Live from Pop!Tech: For Ocean Health, "Climate Change More Important than Fishing Practices"


above right image (c) 2005 Bob Wilson

Reporting from Pop!Tech...catch it live here! More smarties than you can shake a stick at in beautiful Camden, Maine for 3 days.

From what TreeHugger understands, lots of the sustainability focus around the oceans has been focused on better fishing practices. Marcia McNutt, head of the Monterey Bay Aquarium Research Institute (MBARI), shared with us that, in her opinion, climate change should be a bigger concern than fishing practices. As a result, her organization now spends 50% of their budget in that direction.

She explains that climate change will affect many aspects of the oceans. For example (from least impact to worst):1) The temperature change will raise sea levels.

2) The ocean circulation patterns will shift, thereby reducing its productivity.

3) The chemistry of the ocean will become more acidic (PH is up 30% already).

In addition, she suggests that ocean acidification will be a larger problem than global warming. Among other things, MBARI is doing research into what happens as our oceans get more and more acidic, as well as what antidotes might be applied e.g. iron fertilization -- see TreeHugger's coverage of Plantos' efforts here, here and here for more on that.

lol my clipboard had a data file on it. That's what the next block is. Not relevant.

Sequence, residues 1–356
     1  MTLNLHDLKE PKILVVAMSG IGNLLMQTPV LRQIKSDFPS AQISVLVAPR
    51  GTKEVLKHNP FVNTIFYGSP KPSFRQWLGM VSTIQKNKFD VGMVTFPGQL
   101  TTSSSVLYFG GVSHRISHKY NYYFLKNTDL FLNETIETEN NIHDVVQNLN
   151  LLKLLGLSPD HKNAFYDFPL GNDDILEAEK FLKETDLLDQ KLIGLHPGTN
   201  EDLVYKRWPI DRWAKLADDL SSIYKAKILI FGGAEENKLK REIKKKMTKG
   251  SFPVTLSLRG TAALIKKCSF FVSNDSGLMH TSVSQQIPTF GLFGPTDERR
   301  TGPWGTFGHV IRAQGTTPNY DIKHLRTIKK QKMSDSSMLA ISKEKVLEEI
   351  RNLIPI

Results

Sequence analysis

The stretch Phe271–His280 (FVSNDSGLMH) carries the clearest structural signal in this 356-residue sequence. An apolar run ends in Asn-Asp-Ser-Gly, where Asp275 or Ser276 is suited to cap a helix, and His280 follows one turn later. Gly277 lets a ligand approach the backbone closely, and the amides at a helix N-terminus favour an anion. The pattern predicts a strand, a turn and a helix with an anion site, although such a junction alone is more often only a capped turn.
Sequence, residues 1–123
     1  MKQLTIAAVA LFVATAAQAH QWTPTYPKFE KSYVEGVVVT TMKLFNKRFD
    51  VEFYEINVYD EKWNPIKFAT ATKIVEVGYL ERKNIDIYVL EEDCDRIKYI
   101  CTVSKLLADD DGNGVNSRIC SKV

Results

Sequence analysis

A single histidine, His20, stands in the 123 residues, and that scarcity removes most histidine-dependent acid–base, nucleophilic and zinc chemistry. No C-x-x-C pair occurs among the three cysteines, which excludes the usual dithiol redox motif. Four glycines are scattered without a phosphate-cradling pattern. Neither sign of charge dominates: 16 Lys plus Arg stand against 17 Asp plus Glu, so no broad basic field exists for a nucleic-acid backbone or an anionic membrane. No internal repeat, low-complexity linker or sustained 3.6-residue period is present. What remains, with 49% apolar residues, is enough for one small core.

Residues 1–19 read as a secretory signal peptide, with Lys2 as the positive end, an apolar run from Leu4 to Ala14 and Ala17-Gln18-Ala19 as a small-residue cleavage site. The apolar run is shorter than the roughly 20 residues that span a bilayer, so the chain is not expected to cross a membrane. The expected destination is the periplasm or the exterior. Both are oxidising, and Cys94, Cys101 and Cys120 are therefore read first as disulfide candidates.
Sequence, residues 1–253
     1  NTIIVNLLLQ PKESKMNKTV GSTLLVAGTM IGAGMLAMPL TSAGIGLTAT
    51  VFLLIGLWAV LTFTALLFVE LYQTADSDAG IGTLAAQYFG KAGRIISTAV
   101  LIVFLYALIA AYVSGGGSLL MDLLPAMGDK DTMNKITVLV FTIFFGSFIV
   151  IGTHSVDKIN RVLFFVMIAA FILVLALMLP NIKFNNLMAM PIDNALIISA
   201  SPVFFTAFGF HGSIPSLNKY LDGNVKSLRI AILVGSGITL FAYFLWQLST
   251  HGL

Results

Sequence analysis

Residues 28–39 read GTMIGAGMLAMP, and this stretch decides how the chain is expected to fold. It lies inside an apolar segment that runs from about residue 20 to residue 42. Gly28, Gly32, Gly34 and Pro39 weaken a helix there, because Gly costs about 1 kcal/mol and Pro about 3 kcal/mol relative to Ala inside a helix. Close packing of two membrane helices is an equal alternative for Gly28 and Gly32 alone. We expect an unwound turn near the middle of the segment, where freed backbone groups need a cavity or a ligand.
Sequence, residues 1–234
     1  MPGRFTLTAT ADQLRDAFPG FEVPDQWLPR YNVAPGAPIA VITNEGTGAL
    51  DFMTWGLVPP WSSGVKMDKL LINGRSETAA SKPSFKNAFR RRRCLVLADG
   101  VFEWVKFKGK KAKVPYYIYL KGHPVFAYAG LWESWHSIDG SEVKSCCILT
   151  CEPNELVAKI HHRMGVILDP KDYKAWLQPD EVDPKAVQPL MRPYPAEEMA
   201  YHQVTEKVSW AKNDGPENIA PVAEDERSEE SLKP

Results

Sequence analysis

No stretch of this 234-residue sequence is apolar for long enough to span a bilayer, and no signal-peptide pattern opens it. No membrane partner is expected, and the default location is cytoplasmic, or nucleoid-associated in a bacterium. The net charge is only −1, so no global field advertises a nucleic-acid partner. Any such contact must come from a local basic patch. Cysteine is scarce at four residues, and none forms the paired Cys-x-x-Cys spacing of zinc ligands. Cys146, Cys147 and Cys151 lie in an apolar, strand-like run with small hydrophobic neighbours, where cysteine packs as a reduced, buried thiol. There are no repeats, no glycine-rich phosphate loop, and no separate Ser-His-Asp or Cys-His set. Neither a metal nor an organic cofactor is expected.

What can I do, you say? We thought you'd never ask. Here are a few things that we believe Marcia would suggest:

1) Read Collapse by Jared Diamond to help set the context.

2) Get and use those little pocket fish guides (like the ones from Monterey Bay Aquarium, Marine Conservation Society or Oceans Alive. Some are now also available on your cell phone) to vote with your dollars. And don't be shy, tell your friends.

3) Eat less and smaller fish. This is also better for your health, as the bad stuff bio-accumulates as you eat higher on the food chain.

See more of TreeHugger's coverage of MBARI here, here and here, and stay tuned for more from Maine. ::Monterey Bay Aquarium Research Institute and ::Pop!Tech

Tags: Fishing | Maine

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